Through apps that are easy and addictive, we are unconsciously being pushed to waste our free time passively. Given that time is a zero sum game for all of us, we must make a choice between having fun or spending time growing in any aspect of life. Tech can leverage its strengths in making growth fun. This article highlights the root of the problem and the big opportunity that tech is missing.
We all evolved into the people we are today because we have grown into it. Most of the time, that growth is hard earned. It’s an objective you set for yourself that requires pushing your limits. It’s a process that’s full of friction and kicks you in the butt. However, it’s at the heart of life’s UX: hard work in; new skill out.
Technology should leverage its strengths to make that growth friction addictive and enjoyable.
Let me be clear: I don’t want to make every millisecond of the day productive. I understand the importance of fun & rest. The problem is dose: it’s great that some apps give you immediate pleasure, but it becomes a problem when they try to keep you on the platform after you’ve found what you came for. That’s when they overstay their welcome.
As an example, I often want to check hockey highlights on YouTube — only 5 minutes and then I’ll do something useful. Spend time with my kids, fix something in the house, read a book, whatever. You know exactly what happens next: I sit down, watch my video and then YouTube suggests a great video that auto-plays for me. When I realize that my 5-minute session has turned into a 30 minute one, I get mad at myself for having poor self-control. All this because YouTube’s designed its product to maximize my time spent on that platform. Because of well-meaning tech giving me cool videos to look at, I lost time to do productive things. Too much of a good thing has led to a bad one.
Growth friction is the inherent discomfort present in pushing past your limits. It’s the act of working on something that’s difficult, because you know it will help you in the long run. It’s the friction necessary to grow!
Lots of technologies out there leverages that: Peloton requires you to move in order to take part in its experience and DuoLingo exercises your focus and memory to learn a new language. That’s the friction I’m talking about. The experience pushes your brain or your body to grow and get better.
It’s fundamentally different than the experience provided by most popular consumer apps which require nothing more from you than a tap of the screen. The result isn’t surprising: nothing useful in, nothing useful out.
This puts the challenge front and center: how can we make growth friction, which is inherently more difficult, an interesting user experience?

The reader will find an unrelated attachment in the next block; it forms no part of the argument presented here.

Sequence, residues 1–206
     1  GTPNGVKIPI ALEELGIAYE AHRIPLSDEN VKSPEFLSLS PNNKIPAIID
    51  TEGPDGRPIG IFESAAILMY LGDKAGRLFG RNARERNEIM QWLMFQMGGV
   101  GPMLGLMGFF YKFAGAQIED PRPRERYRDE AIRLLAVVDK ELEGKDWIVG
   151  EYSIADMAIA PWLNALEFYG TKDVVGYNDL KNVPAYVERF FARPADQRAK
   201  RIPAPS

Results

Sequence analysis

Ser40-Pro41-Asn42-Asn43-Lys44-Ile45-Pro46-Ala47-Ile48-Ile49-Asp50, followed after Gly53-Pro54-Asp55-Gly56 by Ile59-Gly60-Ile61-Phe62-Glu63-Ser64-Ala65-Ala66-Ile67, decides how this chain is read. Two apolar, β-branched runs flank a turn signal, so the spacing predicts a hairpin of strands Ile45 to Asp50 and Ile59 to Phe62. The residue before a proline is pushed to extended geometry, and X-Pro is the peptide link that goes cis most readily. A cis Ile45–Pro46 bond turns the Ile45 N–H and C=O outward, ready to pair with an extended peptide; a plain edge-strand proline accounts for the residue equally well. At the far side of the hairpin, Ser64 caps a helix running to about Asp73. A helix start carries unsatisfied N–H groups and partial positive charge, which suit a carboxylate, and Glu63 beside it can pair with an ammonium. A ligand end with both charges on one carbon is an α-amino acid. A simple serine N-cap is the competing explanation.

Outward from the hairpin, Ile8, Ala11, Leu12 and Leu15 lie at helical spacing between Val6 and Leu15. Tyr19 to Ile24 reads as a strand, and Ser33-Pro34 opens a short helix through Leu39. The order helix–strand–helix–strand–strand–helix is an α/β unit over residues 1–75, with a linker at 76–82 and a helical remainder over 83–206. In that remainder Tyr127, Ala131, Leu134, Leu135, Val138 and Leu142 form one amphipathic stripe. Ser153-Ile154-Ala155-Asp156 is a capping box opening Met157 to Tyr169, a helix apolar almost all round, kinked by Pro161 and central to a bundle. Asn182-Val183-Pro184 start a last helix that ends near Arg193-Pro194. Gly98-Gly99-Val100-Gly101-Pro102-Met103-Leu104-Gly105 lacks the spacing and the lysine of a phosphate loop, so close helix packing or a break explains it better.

I’ll let you in on a core belief on mine: if someone has the opportunity to make growth friction fun, they will take it. The Fogg Behavior Model states a behavior will only happen if the motivation, the ability and the trigger are present. Together, they create the behavior:
This graph’s message is that there is a sweet spot where triggers and motivation help you sustain a behavior. For example, imagine I want to run a marathon but I never have trained before. I can set my alarm at 0500 to train every morning, but it will fail if I’m not highly motivated to achieved this behavior.
Technology has a long track record of affecting the motivation and triggers of users. IG has created the behavior of posting pics/stories. You’re motivated to do it because you get likes and views. You get triggers when people like, post or view some of your stuff. The platform creates the triggers, self-generates the motivation and makes you behave differently. The problem is that the behavior this creates is useless from a growth standpoint. This is where technology that’s good for you can make the biggest impact. By using the motivation and triggering tools that tech excels at to leverage healthy behaviors.
It’s possible to incentivize growth using the same digital addiction techniques used by feel-good consumer tech (social networks, games, etc…) with a core behavior that allows a net positive impact in our lives.
That’s what we’re building with PlayFitt. You obviously don’t need an app to move, but you DO need an app to provide motivation and triggers for that movement. With 4M repetitions done in the app (as of February 2020), we’re happy to see that users are taking advantage of the motivational structure and the triggers to sustain a positive habit like exercising everyday. We couldn’t be prouder to have that kind of impact on our users!
More about the process behind PlayFitt in the next one…